A Friend in bonsai
John

They are called Cedars but they are actually Junipers. This is not an uncommon thing to have happen in the naming of trees. The world is full of confusing crud like this.
 

John Hill

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Hey Vance,
I know what you mean. After thinking and searching I believe that is is an old Monterey cypress (Cupressus macrocarpa). But when I carve on it smells like ceder. Maybe the cypress smells this way also.
Who knows?

A Friend in bonsai
John
 

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cascade

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Hi,

I purchased this Red Cedar, Virginiana Juniper, about 4 years ago at Miami Tropical Bonsai, grew it out and cut it back several times while working on the wood part. Last November (2009) I went ahead and styled it.

Best,
dorothy
 

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Kirk

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John,

I also posted on your other thread about the same junipers. They look like an older J. chinensis that have been in the landscape for a while. A lot of old timers will call any evergreen, other than a pine, "cedar". The Eastern Red Cedar is Juniperus virginiana. It's a juniper as well and will have that same cedar-like smell when scratched.

Kirk
 

Vance Wood

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Hi,

I purchased this Red Cedar, Virginiana Juniper, about 4 years ago at Miami Tropical Bonsai, grew it out and cut it back several times while working on the wood part. Last November (2009) I went ahead and styled it.

Best,
dorothy

Very nice bit of work there!
 

rockm

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Eastern Red Cedar is a junk tree (a juniper) with an interesting history. It is extremely common from the Mississippi eastward. The smell of the wood is a particular feature that makes it useful in cabinetry --as in "cedar chests" used to store clothes. The aroma of the wood repels moths.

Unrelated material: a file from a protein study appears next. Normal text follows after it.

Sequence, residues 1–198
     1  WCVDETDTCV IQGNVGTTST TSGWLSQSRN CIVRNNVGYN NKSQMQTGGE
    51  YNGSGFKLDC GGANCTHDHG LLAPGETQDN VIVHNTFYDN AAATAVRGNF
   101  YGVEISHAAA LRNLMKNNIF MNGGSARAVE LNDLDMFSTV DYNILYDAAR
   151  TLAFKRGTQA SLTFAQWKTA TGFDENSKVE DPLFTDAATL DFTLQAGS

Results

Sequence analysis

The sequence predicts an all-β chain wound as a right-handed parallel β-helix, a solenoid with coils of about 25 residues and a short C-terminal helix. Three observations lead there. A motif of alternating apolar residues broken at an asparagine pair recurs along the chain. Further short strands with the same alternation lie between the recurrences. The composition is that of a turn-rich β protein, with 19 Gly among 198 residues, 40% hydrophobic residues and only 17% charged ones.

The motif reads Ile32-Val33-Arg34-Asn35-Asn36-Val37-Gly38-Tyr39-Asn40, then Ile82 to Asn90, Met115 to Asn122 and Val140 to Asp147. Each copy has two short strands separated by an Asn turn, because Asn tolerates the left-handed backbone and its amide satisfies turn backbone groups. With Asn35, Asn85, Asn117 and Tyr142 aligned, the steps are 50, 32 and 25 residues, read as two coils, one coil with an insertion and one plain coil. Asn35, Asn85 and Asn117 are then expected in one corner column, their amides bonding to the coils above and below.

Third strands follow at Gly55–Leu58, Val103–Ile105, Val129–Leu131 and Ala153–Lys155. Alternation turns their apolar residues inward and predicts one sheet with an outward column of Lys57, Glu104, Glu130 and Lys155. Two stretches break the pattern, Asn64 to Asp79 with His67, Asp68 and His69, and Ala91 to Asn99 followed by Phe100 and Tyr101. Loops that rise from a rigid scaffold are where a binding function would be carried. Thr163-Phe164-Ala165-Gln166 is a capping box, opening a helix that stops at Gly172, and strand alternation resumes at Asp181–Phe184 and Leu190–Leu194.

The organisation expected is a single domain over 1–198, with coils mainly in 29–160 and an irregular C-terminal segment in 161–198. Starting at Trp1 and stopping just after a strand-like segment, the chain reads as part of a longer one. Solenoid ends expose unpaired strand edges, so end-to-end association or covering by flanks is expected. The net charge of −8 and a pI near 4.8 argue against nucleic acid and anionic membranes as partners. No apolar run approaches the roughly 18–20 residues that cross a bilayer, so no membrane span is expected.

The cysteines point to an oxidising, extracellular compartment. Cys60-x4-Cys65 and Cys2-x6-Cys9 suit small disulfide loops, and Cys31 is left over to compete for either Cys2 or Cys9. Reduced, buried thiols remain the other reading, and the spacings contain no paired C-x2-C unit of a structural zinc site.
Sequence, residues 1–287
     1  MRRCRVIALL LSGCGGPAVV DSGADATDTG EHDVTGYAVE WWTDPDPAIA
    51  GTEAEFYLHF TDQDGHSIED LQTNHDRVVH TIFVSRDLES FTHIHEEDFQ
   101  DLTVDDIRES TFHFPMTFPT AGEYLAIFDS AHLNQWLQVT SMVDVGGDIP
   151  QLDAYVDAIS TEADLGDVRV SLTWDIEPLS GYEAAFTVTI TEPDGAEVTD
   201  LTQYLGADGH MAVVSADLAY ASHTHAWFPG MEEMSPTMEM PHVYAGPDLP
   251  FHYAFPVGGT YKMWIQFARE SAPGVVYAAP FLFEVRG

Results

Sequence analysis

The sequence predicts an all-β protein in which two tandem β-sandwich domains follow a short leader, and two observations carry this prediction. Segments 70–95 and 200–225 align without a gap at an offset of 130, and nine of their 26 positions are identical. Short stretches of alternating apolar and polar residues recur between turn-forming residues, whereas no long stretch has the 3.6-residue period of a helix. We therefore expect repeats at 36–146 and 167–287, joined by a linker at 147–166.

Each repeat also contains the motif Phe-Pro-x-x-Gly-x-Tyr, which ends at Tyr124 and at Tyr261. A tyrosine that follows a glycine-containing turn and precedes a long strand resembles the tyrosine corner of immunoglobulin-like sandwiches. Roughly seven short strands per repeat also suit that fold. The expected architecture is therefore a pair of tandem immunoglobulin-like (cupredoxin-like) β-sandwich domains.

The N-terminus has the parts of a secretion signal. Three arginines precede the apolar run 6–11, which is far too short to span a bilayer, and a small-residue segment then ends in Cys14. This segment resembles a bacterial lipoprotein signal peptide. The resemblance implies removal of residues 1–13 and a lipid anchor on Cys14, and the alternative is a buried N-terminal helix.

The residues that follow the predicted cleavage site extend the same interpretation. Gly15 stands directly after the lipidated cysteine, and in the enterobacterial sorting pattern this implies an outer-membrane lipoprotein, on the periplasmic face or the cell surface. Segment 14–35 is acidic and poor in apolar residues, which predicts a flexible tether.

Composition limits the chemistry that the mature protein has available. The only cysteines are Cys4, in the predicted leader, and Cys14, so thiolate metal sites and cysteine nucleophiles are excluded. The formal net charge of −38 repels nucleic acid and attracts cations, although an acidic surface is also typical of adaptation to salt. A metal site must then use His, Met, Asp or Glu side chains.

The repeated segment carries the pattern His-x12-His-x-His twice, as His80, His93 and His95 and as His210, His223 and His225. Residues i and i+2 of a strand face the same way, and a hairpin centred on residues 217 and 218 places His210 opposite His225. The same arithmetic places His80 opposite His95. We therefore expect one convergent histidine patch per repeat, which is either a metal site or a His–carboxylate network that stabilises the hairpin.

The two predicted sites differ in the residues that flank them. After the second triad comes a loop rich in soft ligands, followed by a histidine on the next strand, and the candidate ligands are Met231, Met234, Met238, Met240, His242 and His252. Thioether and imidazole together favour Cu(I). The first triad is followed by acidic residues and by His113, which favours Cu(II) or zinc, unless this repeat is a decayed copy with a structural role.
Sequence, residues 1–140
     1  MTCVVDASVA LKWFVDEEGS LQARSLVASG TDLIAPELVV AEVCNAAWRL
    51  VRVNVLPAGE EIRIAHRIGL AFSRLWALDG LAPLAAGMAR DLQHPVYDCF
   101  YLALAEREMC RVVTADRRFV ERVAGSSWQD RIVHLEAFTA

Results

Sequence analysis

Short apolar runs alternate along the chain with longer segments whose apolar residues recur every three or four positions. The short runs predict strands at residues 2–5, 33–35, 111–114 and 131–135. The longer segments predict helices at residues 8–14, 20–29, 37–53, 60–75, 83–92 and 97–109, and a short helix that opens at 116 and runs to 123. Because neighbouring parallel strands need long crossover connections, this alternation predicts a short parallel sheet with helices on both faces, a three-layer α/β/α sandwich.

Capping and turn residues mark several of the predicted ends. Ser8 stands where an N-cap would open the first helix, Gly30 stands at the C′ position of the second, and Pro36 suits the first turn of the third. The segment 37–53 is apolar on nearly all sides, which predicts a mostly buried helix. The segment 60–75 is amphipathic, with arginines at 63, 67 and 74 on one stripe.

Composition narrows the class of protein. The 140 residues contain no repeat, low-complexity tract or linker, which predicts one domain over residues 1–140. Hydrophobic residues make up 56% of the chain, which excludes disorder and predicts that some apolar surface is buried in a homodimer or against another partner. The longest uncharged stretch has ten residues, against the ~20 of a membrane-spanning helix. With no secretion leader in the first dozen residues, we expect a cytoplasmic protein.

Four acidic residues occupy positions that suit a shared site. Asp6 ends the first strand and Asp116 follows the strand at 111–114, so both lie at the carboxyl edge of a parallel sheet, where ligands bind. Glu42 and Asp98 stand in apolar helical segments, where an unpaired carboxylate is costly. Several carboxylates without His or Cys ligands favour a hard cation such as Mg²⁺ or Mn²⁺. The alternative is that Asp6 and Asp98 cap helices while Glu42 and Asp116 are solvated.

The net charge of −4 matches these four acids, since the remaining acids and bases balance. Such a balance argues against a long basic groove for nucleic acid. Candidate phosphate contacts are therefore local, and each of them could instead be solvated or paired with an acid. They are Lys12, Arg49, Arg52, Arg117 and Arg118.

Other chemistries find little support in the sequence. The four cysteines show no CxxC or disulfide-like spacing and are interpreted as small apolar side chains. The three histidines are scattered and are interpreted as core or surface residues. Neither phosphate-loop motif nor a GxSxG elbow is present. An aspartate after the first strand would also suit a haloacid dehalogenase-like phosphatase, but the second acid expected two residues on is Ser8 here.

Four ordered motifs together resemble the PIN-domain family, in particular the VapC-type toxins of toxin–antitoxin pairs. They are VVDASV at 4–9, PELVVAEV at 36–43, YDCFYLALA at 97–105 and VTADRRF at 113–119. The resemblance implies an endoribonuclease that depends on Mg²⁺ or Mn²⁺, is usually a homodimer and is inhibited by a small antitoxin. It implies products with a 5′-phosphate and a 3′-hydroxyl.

The wood is dense in oils and lasts a very long time--most fence posts in the eastern US are ERC...

Additionally, the berries are used, like other juniper berries, in making gin.

Despite all this, it still stinks as bonsai material. Nick Lenz recommends completely replacing ERC foliage with grafted shimpaku juniper foliage--which kind of begs the question --Why bother digging one up if you're going to make it into a shimpaku?

Not to say good trees can't be made from it--just look at Dorothy's--but those are the exception.

By the way, misnamed North American trees have a long history. Bald Cypress isn't a cypress, sweetgum isn't a gum, yellow poplar isn't a poplar, but a magnolia, "live oak" species in california and the Southern US are not the same, etc. Common names for trees are extremely misleading way to ID a species.
 

cquinn

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--Why bother digging one up if you're going to make it into a shimpaku?

Because big shimpaku trunks cost $$$$.
 

rockm

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ERC trunks are, for the most part, extremely boring.

Better material can be had to create a tanuki, or a large live base base for a shimpaku--like common juniper, rocky mt. juniper, etc. If you're after a tanuki, simple aquarium driftwood is better than a bean pole ERC trunk...
 

HotAction

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Two ERC were displayed at the national exhibit in Oct 2008. Both are quite impressive and can be seen in the album from the show. Both are collected from New Jeresey and are estimated to be very old.

Dave
 

cquinn

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ERC trunks are, for the most part, extremely boring.

Better material can be had to create a tanuki, or a large live base base for a shimpaku--like common juniper, rocky mt. juniper, etc. If you're after a tanuki, simple aquarium driftwood is better than a bean pole ERC trunk...

No Badger trees from me brother. There are interesting Red Cedars where I live near Chattanooga in the mountains.